From there, Craddock explains how the quickening standard was little more than a practical evidentiary standard, not a meaningful commentary on prenatal life (or lack thereof). But interestingly, he points out that even by the mid-nineteenth century, courts and states alike were increasingly rejecting it as scientifically obsolete, and replacing it with – surprise! – fertilization.
When the Amendment was adopted in 1868, the states widely recognized children in utero as persons. Twenty‐three states and six territories referred to the fetus as a “child” in their statutes proscribing abortion. At least twenty‐eight jurisdictions labeled abortion as an “offense[] against the person” or an equivalent criminal classification. Nine of the ratifying states explicitly valued the lives of the preborn and their pregnant mothers equally by providing the same range of punishment for killing either during the commission of an abortion. The “only plausible explanation” for this phenomenon is that “the legislatures considered the mother and child to be equal in their personhood.” Furthermore, ten states (nine of which had ratified the Fourteenth Amendment) considered abortion to be either manslaughter, assault with intent to murder, or murder.
Next, and perhaps most importantly, Craddock examines the thinking of the Fourteenth Amendment’s drafters. There’s an understandable assumption that because the amendment’s primary purpose was extending citizenship to freed blacks after the Civil War, its effects shouldn’t be construed to extend beyond that purpose. But under the originalist principle of authorial intent, the first word is often the last word in resolving such confusion:
Senator Jacob Howard, who sponsored the Amendment in the Senate, declared the Amendment’s purpose to “disable a state from depriving not merely a citizen of the United States, but any person, whoever he may be, of life, liberty and property without due process.” Even the lowest and “most despised of the [human] race” were guaranteed equal protection. Representative Thaddeus Stevens called the Amendment “a superstructure of perfect equality of every human being before the law; of impartial protection to everyone in whose breast God had placed an immortal soul” […] The primary Framer of the Fourteenth Amendment, Representative John Bingham, intended it to ensure that “no state in the Union should deny to any human being . . . the equal protection of the laws.”
In light of this evidence and reasoning (as well as rebuttals to possible objections I have skipped, but which you should take the time to read), Craddock concludes that there is only one proper constitutional approach to abortion:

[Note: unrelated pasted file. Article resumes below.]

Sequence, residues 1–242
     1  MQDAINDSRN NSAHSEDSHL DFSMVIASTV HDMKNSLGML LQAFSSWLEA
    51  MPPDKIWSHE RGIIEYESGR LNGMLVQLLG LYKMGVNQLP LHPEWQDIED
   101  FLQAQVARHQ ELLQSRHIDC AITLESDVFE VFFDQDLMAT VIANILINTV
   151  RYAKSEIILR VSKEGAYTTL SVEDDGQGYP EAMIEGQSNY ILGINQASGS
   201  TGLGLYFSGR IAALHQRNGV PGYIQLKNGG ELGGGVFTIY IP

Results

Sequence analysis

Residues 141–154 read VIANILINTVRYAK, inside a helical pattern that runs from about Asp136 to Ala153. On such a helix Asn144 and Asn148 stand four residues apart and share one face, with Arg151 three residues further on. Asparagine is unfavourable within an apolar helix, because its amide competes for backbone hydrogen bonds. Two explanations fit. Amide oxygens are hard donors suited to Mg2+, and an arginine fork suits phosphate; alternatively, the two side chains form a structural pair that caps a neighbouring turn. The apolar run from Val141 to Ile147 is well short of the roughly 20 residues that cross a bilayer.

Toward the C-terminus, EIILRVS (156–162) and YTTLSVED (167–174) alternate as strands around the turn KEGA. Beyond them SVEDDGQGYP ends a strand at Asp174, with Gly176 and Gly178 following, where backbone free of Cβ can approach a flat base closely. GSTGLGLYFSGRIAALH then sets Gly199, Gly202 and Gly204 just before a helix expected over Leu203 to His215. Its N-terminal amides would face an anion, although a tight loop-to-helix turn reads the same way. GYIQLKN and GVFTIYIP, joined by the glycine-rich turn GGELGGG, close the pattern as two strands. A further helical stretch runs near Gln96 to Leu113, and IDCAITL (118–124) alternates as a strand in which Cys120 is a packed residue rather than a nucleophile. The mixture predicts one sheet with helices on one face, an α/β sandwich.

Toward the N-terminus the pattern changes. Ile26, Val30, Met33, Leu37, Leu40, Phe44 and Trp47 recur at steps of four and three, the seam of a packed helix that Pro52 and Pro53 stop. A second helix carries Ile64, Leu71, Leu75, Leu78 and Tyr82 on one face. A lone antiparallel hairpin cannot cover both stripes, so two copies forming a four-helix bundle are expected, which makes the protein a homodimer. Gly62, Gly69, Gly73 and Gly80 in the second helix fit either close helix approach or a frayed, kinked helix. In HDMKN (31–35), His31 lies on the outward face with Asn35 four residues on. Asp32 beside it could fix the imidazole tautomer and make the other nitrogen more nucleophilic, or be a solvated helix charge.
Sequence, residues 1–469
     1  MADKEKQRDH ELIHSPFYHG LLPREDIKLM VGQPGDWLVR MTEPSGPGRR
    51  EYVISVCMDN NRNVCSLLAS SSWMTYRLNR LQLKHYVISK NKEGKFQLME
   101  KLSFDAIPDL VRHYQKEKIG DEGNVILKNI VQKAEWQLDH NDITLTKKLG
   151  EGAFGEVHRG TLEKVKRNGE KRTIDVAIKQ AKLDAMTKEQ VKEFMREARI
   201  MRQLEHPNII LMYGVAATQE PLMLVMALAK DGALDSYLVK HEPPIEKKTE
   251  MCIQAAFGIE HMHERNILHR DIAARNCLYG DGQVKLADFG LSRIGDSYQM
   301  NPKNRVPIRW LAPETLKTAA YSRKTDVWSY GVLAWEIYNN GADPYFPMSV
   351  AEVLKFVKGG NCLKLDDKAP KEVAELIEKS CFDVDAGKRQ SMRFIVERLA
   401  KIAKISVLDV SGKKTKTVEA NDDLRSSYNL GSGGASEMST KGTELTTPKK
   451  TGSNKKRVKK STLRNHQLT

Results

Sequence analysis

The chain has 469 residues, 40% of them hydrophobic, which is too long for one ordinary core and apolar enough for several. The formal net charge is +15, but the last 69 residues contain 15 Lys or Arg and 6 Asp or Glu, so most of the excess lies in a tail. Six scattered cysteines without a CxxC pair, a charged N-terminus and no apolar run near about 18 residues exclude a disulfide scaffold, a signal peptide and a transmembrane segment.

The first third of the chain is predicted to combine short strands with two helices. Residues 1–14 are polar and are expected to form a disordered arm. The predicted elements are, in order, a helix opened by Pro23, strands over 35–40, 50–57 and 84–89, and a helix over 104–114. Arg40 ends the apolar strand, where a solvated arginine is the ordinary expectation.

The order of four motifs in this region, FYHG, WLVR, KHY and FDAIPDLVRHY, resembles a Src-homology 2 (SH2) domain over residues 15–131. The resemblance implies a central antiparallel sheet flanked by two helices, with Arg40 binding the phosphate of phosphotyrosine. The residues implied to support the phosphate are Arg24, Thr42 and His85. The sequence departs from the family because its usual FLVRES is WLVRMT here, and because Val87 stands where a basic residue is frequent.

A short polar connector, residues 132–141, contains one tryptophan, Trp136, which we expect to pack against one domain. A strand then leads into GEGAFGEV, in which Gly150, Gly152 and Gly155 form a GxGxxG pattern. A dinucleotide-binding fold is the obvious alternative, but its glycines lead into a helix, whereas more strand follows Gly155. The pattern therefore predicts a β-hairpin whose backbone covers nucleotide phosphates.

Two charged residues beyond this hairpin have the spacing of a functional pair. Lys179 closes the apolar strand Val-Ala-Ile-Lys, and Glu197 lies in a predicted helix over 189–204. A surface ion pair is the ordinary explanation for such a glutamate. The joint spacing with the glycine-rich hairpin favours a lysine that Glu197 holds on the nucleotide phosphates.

If prenatal life is to be protected under the Fourteenth Amendment, Congress or the courts must intervene in states that do not guarantee equal protection and due process to preborn human beings. After all, “the [Fourteenth] amendment was designed to limit state power and authorize Congress to enforce such limitations.” Should a state refuse to protect prenatal life, it would be a violation of equal protection[.]
Exactly, and it’s not “statist” or “big government” or “judicial activism” to say so. The principle of limited government means the government mustn’t exceed its constitutional purposes, but protecting the right to life is its most basic purpose – and a national-level responsibility. While the Founding Fathers wanted federalism to leave states free to decide a wide range of policy decisions for themselves (so America’s large, diverse, spread out population could live in harmony under a single flag while expressing different secondary values and experimenting with different ideas), they also believed that a select few principles, like our most fundamental rights, require a uniform standard.

Craddock concludes on a pessimistic note, predicting that the Supreme Court is unlikely to abandon Roe anytime soon, making a human life amendment to the Constitution politically necessary even though it’s not legally necessary. That’s true for the time being…but it doesn’t have to be.

The past four decades’ worth of abortion jurisprudence has nothing to do with legal merit and almost everything to do with the partisan politics of the presidents who nominated judges and the senators who reviewed them. So while this rot has been allowed to fester for a long time, there are no legal barriers keeping us from challenging it – we need only the will and imagination to change our tactics.

We can demand that our presidents select bolder, more proven judges. We can push Congress to assert its coequal right and duty to protect individual rights by enacting the Life at Conception Act. And we can call on our lawmakers to exercise their constitutional powers to rein in and punish judges who refuse to protect the constitutional rights of every American.

This is where national-level pro-life activism needs to go…and fortunately, Josh Craddock has given that effort an unassailable foundation.